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Asia Pac J Clin Nutr. 2007;16 Suppl 1:391-7.

Omega 3 fatty acids and the brain: review of studies in depression.

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  • 1School of Exercise and Nutrition Sciences, Deakin University, 221 Burwood Highway, Burwood, Victoria 3125, Australia.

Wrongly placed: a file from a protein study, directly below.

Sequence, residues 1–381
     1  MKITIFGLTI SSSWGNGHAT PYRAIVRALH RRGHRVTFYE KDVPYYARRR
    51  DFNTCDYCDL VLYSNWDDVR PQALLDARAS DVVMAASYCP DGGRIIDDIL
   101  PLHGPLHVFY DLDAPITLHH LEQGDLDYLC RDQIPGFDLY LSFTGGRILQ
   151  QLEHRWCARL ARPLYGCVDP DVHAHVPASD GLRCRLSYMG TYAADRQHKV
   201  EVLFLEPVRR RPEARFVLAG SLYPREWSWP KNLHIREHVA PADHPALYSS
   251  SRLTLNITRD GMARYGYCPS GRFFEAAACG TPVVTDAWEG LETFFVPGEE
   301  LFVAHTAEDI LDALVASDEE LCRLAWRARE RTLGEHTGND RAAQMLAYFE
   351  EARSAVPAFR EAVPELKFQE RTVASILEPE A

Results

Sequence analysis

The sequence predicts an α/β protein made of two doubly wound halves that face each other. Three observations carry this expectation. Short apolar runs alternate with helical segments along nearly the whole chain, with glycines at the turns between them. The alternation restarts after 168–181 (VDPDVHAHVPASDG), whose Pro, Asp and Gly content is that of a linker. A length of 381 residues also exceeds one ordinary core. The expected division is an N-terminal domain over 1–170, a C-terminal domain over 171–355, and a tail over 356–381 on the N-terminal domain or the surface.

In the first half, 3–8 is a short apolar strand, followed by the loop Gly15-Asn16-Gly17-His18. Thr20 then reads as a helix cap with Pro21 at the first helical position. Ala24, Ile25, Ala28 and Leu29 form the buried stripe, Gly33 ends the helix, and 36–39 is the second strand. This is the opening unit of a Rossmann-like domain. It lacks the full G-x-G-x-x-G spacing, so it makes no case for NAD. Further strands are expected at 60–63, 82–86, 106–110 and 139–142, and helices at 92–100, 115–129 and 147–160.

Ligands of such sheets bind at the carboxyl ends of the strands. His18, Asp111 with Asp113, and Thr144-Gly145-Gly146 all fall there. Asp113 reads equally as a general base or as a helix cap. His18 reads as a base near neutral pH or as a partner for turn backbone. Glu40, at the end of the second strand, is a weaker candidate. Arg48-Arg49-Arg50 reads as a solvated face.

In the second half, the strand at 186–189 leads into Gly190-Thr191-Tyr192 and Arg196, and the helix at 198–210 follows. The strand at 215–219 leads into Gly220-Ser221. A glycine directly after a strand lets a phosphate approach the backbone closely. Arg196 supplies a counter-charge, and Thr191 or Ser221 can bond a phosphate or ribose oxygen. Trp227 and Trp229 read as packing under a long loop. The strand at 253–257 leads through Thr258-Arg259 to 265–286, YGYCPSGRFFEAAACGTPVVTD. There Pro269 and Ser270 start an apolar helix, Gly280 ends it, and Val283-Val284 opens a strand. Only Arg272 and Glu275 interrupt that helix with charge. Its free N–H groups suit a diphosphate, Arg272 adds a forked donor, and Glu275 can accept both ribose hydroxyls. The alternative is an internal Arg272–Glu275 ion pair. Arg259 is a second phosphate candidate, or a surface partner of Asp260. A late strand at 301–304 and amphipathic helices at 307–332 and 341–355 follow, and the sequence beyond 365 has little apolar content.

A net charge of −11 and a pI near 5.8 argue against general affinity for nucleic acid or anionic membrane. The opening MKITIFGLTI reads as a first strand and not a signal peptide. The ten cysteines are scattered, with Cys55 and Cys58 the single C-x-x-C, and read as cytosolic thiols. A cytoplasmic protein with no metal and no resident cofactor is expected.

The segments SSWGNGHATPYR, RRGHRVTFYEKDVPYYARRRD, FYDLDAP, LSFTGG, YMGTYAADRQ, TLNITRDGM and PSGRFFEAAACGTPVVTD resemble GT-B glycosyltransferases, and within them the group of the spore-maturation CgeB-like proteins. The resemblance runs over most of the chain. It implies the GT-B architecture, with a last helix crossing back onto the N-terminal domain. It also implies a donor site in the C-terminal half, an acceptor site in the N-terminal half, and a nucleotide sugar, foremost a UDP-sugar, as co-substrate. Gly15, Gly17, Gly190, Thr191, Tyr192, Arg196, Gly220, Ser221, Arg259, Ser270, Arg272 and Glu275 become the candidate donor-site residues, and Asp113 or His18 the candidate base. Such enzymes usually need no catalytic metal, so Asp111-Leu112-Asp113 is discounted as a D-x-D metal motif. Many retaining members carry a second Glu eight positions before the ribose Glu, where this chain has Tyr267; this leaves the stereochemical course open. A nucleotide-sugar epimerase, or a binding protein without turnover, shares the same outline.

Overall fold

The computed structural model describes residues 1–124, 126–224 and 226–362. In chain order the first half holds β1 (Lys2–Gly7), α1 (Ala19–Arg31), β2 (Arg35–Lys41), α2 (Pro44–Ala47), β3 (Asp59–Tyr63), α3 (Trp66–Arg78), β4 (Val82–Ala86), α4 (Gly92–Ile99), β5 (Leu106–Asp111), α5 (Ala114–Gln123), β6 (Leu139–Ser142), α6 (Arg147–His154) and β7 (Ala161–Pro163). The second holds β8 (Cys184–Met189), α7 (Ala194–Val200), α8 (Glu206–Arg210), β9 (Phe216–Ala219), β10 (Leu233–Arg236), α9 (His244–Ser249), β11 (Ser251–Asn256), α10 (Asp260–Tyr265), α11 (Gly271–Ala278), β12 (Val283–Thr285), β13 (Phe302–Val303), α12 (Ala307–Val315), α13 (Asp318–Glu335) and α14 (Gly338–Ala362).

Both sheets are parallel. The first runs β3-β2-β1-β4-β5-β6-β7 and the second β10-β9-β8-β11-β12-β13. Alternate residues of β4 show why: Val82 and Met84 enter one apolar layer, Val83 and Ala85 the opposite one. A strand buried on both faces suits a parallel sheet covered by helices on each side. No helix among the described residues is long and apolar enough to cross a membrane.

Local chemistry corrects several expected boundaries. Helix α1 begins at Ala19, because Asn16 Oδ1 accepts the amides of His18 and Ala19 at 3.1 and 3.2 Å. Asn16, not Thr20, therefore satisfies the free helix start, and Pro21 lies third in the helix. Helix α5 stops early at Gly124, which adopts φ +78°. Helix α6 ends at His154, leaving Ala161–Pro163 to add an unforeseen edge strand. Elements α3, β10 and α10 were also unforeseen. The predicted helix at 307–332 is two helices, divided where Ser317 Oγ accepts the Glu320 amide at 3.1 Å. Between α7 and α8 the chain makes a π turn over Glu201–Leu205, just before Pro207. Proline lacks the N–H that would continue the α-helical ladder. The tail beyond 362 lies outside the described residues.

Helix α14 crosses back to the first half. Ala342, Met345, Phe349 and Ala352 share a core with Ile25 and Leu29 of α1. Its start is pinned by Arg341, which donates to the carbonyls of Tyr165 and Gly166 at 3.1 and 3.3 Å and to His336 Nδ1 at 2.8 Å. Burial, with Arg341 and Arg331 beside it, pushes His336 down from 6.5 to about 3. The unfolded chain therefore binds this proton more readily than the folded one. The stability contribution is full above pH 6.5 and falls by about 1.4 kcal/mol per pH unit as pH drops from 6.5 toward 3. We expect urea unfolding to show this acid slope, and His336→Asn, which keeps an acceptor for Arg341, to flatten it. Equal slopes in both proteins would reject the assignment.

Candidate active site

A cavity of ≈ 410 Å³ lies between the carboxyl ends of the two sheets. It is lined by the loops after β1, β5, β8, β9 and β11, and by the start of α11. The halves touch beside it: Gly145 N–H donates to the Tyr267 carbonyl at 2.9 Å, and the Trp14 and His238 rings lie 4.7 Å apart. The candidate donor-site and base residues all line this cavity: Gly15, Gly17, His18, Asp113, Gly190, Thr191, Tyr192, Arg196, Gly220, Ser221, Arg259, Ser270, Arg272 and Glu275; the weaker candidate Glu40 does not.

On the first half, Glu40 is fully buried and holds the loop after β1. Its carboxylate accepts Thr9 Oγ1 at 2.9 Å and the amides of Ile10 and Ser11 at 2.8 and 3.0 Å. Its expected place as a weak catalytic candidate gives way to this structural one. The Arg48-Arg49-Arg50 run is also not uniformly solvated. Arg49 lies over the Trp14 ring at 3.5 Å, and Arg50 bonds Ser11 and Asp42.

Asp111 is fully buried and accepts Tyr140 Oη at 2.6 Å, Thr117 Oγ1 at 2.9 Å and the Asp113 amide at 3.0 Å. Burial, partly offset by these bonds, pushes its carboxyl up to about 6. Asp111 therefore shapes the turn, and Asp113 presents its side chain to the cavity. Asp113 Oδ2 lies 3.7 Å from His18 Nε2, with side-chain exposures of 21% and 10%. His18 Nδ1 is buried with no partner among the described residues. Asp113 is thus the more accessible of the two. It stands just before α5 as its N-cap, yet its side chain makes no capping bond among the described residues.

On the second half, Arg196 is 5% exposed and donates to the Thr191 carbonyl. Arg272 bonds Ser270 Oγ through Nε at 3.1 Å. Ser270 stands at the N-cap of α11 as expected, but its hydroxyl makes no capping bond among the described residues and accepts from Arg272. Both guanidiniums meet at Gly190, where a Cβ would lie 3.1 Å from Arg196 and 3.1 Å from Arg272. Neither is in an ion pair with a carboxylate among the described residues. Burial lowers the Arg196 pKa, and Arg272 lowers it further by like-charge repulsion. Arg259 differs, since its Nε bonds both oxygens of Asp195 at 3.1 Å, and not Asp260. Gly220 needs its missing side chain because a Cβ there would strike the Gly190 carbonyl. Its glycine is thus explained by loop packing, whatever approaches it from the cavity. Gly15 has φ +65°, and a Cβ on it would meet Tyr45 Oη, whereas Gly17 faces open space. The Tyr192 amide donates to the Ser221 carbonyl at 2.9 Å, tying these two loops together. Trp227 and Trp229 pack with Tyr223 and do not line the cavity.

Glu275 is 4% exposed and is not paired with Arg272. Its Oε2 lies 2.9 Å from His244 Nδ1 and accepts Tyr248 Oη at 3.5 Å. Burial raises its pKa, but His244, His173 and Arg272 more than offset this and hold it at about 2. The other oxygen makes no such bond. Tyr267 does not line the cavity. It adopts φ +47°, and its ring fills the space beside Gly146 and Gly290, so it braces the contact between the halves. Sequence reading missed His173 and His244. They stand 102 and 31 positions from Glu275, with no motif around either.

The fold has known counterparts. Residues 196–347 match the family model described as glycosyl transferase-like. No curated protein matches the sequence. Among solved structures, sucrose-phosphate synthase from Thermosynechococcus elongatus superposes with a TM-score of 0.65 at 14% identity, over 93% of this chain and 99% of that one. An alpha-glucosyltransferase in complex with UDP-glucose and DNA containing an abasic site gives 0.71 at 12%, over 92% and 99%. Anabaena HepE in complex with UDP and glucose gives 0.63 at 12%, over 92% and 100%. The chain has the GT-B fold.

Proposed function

The brain is a lipid-rich organ containing mostly complex polar phospholipids, sphingolipids, gangliosides and cholesterol. These lipids are involved in the structure and function of cell membranes in the brain. The glycerophospholipids in the brain contain a high proportion of polyunsaturated fatty acids (PUFA) derived from the essential fatty acids, linoleic acid and alpha-linolenic acid. The main PUFA in the brain are docosahexaenoic acid (DHA, all cis 4,7,10,13,16,19-22:6) derived from the omega 3 fatty acid, alpha-linolenic acid, and arachidonic acid (AA, all cis 5,8,11,14-20:4) and docosatetraenoic acid (all cis 7,10,13,16-22:4), both derived from the omega 6 fatty acid, linoleic acid. Experimental studies in animals have shown that diets lacking omega 3 PUFA lead to substantial disturbances in neural function, which in most circumstances can be restored by the inclusion of omega 3 PUFA in the diet. In the past 10 years there has been an emerging interest in treating neuropsychological disorders (depression and schizophrenia) with omega 3 PUFA. This paper discusses the clinical studies conducted in the area of depression and omega 3 PUFA and the possible mechanisms of action of these PUFA. It is clear from the literature that DHA is involved in a variety of processes in neural cells and that its role is far more complex than simply influencing cell membrane properties.

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